Practice Profiles


Earning His Wings

 

by Rich Smith

Maj David P. Lee, DMD, MS, reveals the ups and downs of life as an Air Force orthodontist

The orthodontic practice of Maj David P. Lee, DMD, MS, is climbing high, straight into the wild blue yonder—or at least many of his patients are. They, like Lee, serve in the United States Air Force. Lee’s operation is strictly ground-based, currently located at Eglin Air Force Base in Florida. But with the background roar of jet engines a feature of life at Eglin, Lee’s office sounds as if it could be at home among the clouds.

Lee began Air Force active duty as a commissioned officer in 1997 after graduating from dental school at the University of Pennsylvania, Philadelphia. Now holding the rank of major, Lee has been chief of the 96th Dental Squadron’s Orthodontics Element since landing at Eglin in mid-2006. His main duty is “to teach Advanced Education in General Dentistry (AEGD) residents the principles and techniques that will benefit or support their interdisciplinary and general dentistry treatment,” he says, adding that he also tries to “treat as many Air Force patients as possible to enhance their lives, maintain his skills, and, often, to provide surgical orthodontic patients to the oral surgeons to help maintain their clinical skills.” What’s more, Lee is the officer in charge of the squadron’s dental records (which obliges him to randomly sample the charts once per month to make sure treatment is properly documented and that patients are treated appropriately). He is also the squadron’s process-improvement officer.

 

PRACTICE PROFILE

Name: Maj David P. Lee, DMD, MS

Location: Eglin Air Force Base, Florida

Owner: United States Air Force

Specialty: Orthodontics, orthognathic treatment

Years in practice: 9

Patients per day: 15–20

Starts per year: 110

Days worked per week: 5

Office square footage: 300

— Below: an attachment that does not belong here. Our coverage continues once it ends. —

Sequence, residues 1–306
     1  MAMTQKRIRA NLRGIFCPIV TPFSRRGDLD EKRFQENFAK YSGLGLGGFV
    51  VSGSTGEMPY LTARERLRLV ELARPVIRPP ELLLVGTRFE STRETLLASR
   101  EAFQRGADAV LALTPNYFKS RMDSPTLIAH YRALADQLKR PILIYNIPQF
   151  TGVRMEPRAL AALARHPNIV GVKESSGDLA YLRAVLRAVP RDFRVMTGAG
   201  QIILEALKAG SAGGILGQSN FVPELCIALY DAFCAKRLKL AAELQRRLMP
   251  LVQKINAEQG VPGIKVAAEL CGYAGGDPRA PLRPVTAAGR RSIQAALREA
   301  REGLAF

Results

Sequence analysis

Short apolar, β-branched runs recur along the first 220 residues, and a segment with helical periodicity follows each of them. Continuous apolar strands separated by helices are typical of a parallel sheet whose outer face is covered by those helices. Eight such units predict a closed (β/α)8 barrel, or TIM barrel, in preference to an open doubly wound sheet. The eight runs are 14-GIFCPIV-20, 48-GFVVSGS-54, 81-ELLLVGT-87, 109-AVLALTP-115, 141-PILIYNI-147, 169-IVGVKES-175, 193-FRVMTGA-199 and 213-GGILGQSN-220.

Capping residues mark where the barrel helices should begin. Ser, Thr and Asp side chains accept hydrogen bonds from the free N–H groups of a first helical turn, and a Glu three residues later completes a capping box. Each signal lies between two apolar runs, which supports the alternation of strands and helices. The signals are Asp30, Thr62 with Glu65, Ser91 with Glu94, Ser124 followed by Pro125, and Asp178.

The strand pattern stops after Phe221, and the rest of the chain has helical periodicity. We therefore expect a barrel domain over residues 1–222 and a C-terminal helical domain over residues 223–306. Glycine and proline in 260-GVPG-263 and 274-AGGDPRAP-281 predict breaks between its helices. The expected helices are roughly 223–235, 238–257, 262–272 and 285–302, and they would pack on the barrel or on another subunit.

Lee came to Eglin by way of Ramstein Air Force Base in Germany, where he began working as staff orthodontist in 2003. His Air Force practice started in 1997, with a 1-year AEGD residency at Langley Air Force Base in Virginia, after which he served as a general dentist, officer in charge of aerospace dentistry and forensic dentistry, and head of the Red Cross volunteer program at McGuire Air Force Base in New Jersey.

Not Kid’s Stuff

All of Lee’s cases at Eglin involve treatment of men and women in uniform. No kids. Air Force rules require family members of personnel stationed in the continental United States to seek dental care from civilian dentists.

However, back when Lee was at Ramstein in Germany, kids were a big part of his practice. “Regulations encourage on-base treatment of children who live with their parents while their parents are assigned to overseas bases,” he says. “The Air Force recognizes that there are things braces can ideally accomplish while the patient is in childhood, and by providing orthodontics services to them on-base it makes it easier for families overseas to access the quality of care that would be available to them from civilian practitioners stateside.”

Lee reports that demand for braces among adults at Eglin exceeds the capacity of his practice. Consequently, he finds himself in the unenviable position of having to turn away some who request treatment. The good news is that the Air Force has supplied Lee with selection criteria that make the triage process less daunting and sorrowful.

“Most of the patients I end up treating at Eglin present with mutilated dentitions and/or require orthognathic surgery,” he explains. “Typically, they will be missing some teeth and have experienced sufficient drift to prevent the restorative dentist from properly placing a crown or fixed partial denture. I’m often called on to first properly set up the teeth to enable other aspects of dentistry.”